The Constant FAIL
Truth Table for Logical Operators
FAIL is a Maple symbol which has several special properties.
FAIL is used by Boolean logic to mean an unknown or undetermined value. When used inside Boolean expressions with and, or, and not, it behaves like standard three-valued logic.
Many functions return FAIL when they are unable to produce a definitive result. For example, is and testeq will return FAIL when it cannot be determined with certainty whether the value is true or false.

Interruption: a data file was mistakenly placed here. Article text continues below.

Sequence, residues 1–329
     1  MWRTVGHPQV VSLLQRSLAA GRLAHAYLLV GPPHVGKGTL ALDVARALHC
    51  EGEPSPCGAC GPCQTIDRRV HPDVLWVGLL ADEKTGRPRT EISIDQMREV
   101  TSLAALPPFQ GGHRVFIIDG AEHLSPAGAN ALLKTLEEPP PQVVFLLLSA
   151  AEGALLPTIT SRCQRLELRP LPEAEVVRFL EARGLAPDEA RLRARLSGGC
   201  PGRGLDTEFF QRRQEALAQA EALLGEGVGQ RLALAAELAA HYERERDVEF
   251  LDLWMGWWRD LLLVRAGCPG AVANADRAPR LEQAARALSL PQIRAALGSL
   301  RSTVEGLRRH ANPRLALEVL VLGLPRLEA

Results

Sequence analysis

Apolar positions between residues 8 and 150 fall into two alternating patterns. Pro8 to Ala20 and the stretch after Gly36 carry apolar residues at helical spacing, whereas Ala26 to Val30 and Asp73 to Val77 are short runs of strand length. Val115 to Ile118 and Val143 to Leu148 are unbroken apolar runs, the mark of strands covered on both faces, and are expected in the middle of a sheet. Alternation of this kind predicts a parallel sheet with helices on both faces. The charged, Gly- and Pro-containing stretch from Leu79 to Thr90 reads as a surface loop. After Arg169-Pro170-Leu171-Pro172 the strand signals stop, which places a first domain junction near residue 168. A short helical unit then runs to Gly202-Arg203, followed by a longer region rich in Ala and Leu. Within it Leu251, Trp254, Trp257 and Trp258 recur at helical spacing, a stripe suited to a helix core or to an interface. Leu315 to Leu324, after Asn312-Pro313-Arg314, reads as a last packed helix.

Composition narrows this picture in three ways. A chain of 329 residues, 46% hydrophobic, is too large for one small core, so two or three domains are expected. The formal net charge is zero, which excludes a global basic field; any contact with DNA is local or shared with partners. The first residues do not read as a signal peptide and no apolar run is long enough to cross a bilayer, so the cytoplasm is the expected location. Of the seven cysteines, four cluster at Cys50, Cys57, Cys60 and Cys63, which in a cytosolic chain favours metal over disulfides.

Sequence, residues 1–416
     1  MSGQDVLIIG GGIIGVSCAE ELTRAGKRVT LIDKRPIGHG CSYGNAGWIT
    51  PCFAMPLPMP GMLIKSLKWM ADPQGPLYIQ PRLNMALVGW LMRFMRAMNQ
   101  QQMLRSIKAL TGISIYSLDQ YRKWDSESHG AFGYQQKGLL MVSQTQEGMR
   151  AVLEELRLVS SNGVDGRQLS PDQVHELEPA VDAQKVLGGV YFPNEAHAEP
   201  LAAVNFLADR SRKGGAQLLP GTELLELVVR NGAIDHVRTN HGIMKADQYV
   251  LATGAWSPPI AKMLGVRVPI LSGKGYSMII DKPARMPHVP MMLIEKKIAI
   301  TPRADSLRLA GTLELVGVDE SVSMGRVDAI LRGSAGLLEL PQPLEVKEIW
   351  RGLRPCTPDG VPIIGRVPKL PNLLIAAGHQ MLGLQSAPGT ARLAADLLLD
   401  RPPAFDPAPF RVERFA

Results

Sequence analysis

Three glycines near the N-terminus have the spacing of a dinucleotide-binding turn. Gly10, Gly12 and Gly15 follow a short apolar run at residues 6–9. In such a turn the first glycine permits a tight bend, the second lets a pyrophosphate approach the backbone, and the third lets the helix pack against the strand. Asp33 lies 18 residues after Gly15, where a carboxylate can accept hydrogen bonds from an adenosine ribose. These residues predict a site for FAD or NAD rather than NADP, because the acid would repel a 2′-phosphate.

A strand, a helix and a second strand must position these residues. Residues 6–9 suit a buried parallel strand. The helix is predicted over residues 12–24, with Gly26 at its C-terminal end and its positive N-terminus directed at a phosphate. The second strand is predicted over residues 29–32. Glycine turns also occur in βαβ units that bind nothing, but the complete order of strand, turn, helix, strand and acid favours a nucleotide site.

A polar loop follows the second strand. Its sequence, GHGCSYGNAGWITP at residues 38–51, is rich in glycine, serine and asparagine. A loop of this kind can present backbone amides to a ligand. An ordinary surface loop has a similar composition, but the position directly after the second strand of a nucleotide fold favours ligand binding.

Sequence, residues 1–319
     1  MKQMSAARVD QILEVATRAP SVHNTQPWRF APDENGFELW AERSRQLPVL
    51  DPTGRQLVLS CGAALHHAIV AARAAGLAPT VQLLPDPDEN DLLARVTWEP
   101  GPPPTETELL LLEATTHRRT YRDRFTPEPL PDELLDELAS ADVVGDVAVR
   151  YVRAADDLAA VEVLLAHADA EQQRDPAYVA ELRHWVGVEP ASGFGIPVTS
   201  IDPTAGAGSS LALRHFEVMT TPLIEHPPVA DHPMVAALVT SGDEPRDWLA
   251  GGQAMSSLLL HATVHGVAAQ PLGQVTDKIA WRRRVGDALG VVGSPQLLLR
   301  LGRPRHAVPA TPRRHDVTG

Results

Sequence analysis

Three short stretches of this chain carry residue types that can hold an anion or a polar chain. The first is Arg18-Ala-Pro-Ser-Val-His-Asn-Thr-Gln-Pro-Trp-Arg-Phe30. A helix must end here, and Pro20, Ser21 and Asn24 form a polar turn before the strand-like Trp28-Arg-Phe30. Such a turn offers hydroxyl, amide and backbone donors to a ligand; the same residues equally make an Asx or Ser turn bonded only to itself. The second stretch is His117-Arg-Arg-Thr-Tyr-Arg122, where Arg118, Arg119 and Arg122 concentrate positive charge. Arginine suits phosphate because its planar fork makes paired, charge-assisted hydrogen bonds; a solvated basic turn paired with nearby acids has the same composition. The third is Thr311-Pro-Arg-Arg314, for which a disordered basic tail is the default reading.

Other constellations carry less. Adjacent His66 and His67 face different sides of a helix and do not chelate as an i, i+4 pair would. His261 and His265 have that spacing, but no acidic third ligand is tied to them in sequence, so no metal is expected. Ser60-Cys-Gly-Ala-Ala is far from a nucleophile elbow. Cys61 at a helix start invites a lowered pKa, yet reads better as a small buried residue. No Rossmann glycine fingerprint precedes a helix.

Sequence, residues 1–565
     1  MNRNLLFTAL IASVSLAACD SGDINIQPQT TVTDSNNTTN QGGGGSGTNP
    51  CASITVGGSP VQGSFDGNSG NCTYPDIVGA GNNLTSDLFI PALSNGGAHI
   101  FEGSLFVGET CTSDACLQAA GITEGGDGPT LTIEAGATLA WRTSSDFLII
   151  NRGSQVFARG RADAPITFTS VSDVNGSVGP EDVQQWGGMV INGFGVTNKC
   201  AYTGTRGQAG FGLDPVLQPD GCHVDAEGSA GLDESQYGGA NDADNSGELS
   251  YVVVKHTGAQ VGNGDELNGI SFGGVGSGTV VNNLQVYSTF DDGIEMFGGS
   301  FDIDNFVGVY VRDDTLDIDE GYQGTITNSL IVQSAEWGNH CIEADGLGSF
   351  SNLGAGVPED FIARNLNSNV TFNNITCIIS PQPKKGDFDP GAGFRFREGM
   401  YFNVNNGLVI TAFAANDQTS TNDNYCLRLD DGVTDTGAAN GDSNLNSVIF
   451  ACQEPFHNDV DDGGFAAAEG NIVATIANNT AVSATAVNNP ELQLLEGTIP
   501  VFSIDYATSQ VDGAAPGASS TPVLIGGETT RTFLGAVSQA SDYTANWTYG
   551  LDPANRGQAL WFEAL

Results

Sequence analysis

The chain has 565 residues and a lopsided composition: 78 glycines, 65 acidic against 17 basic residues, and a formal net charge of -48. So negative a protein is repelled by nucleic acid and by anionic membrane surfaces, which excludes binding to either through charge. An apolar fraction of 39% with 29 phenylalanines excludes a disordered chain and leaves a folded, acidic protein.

As a Boolean condition in an if or while statement or `if` expression, a FAIL has the same effect as a false. That is, the if will take the else branch and the while will stop the iteration. Notice that when a FAIL value is possible,
if expr then a else b end if;
is not equivalent to
if not expr then b else a end if;
Arithmetic with FAIL is valid but limited, and the value of FAIL is contagious over the basic arithmetic operations. In other words, expressions such as 2 + FAIL, FAIL - FAIL, and FAIL/FAIL will all return FAIL.
The evaluation of a logical expression yields true, false, or FAIL according to the following table.
true and FAIL, false or FAIL, not FAIL, FAIL or true;
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